DWU student economists prepare regional reports

Recently, Dr. Tracy Dice’s students in Dakota Wesleyan University’s Principles of Macroeconomics course undertook the creation of a business and economic data analysis summary report, leveraging the expertise of local professionals, data from the South Dakota Secretary of State’s office and online resources. The project was motivated by a desire to highlight the economic story of the Mitchell area, recognizing the importance of local economic dynamics and providing students with a practical application of their economic knowledge.

The final report was debuted on Friday, May 3, at a university press conference, hosting South Dakota Secretary of State Monae Johnson as a special guest.  Nearly 20 entities and individuals were consulted as part of the research.

Findings of the report included:

  1. A net increase of 35 new businesses in Mitchell since 2017.  This growth in business entities correlates with a decrease in unemployment rates, suggesting a positive economic trend in the region.
  2. Since 2020, gas prices peaked at $3.88 in 2022, but subsequently declined in 2023. South Dakota’s Gross Domestic Product (GDP) has shown a remarkable increase of 155% since 2003. Finally, the 0.93% increase in the 30-year interest rate translated to an additional $54,000 in interest over the life of a 30-year mortgage on the median-priced home in Mitchell.
  3. Gender income disparity is evident in Mitchell, with women earning an average of approximately $20,000 less than men. While the majority of workers currently earn less than $50,000, recent years have shown a trend toward higher incomes. An interesting trend emerged in 2020 when high school dropouts began earning more, on average, than individuals with a high school diploma or some college education. The top three household expenses in Mitchell are shelter, transportation, and food, with shelter comprising about 21% of total expenses.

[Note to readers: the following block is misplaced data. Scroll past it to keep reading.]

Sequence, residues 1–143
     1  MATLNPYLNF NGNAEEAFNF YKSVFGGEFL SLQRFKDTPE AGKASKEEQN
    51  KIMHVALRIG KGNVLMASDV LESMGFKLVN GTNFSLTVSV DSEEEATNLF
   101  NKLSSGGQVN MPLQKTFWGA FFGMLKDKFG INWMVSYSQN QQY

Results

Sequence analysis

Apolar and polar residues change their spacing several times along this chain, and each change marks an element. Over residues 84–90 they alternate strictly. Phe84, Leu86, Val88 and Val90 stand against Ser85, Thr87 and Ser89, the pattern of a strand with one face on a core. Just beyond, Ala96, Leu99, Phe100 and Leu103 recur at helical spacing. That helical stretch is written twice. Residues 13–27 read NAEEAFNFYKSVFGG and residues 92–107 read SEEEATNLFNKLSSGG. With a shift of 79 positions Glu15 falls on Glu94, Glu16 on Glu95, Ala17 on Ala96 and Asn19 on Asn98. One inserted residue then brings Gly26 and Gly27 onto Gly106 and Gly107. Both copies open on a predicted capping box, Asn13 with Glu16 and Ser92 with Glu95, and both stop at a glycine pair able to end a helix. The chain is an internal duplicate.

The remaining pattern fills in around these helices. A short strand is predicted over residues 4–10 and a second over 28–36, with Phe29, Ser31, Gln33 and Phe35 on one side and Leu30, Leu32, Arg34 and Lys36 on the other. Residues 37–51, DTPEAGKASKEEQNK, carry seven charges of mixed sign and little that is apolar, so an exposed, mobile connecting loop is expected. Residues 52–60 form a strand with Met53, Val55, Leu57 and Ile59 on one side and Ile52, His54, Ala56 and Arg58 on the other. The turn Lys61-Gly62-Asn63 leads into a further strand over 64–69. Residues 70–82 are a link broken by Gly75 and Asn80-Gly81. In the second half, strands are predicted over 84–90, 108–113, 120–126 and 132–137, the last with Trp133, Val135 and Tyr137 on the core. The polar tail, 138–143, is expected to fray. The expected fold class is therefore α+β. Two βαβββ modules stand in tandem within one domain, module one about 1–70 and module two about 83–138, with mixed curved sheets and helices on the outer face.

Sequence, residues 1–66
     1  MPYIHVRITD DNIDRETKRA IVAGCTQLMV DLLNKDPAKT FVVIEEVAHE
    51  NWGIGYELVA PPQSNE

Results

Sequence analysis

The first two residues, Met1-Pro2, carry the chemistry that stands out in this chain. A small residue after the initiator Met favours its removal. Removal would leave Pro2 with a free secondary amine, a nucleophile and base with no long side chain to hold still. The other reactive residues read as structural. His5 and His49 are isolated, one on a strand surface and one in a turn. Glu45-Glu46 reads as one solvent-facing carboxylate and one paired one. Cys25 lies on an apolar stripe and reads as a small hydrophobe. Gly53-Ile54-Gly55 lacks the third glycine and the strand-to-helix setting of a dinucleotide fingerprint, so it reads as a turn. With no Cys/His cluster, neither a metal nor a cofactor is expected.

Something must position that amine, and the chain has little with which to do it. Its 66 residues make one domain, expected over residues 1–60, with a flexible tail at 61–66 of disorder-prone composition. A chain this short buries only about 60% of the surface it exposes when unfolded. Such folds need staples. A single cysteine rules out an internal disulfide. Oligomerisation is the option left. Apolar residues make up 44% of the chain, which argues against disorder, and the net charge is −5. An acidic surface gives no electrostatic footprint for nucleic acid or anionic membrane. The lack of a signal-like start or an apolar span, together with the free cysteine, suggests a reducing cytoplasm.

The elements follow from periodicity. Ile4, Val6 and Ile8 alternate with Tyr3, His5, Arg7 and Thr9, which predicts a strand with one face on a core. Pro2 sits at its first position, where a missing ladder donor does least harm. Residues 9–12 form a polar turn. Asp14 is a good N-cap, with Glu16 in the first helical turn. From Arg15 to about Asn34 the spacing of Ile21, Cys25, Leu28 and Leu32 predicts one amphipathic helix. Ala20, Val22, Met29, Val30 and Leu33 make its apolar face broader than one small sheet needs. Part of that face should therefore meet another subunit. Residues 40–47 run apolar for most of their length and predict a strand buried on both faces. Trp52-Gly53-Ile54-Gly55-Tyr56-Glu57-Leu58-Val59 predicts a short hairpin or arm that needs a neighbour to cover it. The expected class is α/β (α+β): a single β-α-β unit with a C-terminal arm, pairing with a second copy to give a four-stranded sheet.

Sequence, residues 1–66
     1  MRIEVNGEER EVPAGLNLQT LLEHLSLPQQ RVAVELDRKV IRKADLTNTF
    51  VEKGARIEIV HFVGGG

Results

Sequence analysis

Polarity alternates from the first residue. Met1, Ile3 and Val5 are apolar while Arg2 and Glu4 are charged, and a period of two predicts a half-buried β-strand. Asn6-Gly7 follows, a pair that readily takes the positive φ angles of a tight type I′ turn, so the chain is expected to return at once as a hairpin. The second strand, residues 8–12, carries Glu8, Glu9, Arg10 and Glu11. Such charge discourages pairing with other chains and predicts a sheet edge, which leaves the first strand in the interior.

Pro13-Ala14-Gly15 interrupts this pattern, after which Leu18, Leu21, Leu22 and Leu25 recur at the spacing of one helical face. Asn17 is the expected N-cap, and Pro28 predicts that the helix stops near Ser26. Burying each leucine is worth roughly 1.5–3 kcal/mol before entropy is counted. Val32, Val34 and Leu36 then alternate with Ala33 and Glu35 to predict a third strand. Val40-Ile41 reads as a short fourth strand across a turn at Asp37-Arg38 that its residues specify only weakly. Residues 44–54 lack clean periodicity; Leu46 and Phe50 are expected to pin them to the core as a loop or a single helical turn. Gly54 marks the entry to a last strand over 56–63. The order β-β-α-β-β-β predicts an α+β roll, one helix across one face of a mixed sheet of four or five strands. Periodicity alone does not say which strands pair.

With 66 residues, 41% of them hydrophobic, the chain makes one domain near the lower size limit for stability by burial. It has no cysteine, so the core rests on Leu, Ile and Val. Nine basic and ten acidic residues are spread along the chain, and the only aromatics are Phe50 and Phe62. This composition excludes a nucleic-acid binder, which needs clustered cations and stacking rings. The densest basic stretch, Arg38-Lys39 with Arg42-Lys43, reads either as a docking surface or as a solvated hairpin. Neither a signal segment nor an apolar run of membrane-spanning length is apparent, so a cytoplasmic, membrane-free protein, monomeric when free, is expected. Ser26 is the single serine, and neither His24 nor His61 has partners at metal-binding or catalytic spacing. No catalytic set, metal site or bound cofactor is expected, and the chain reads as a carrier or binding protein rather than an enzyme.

4. Mitchell experienced an unemployment rate above 3.5% solely in 2020. The city’s population has remained relatively stable, ranging between 15,000 and 16,000 over the past decade. The workforce in Mitchell is predominantly white, with 88% of workers identifying as such. In 2015, job openings in Mitchell doubled, attributed to the opening of Performance Pet Products.
  5. With a small percentage (8%) of unoccupied housing, the Mitchell housing list prices have increased since 2017. The median sales prices surged in December 2022. The active median list price also experienced a notable increase, followed by a subsequent decline. Notably, in 2022, the average sale price briefly exceeded the average list price.
  6. Tourism plays a significant role in Mitchell’s retail and gross sales, particularly during the summer months when downtown businesses thrive. Retail sales constitute a substantial portion of gross sales, with the penny sales tax serving as a reliable indicator of the local economy’s health. Local retailers often collaborate to drive growth collectively. Automotive dealerships have particularly contributed to Mitchell’s retail sales growth in recent years.

The data was presented by Dr. Tracy Dice, Associate Professor of Business and Economics, and students Morgan Edelman, Salvatore O’Neill, Lily Ranschau and Quenton Walls representing the class of 29 students.  CEO of the Mitchell Area Development Corporation and Chamber of Commerce Mike Lauritsen was instrumental in bringing the idea for the project to DWU.

About the project, Dice stressed the value of the exercise.  “This is an effective way to teach economics because it is applied, relevant, and practical.  It makes data meaningful.  Students are retaining information because they see how it applies in the real world and they see the relevance in their own lives.  I know that after creating this report, these students will be able to interpret data at a higher level.”

During the press conference, those attending also heard from DWU president Dr. Dan Kittle, provost Dr. Derek Driedger, Secretary Johnson, Lauritsen and Dice.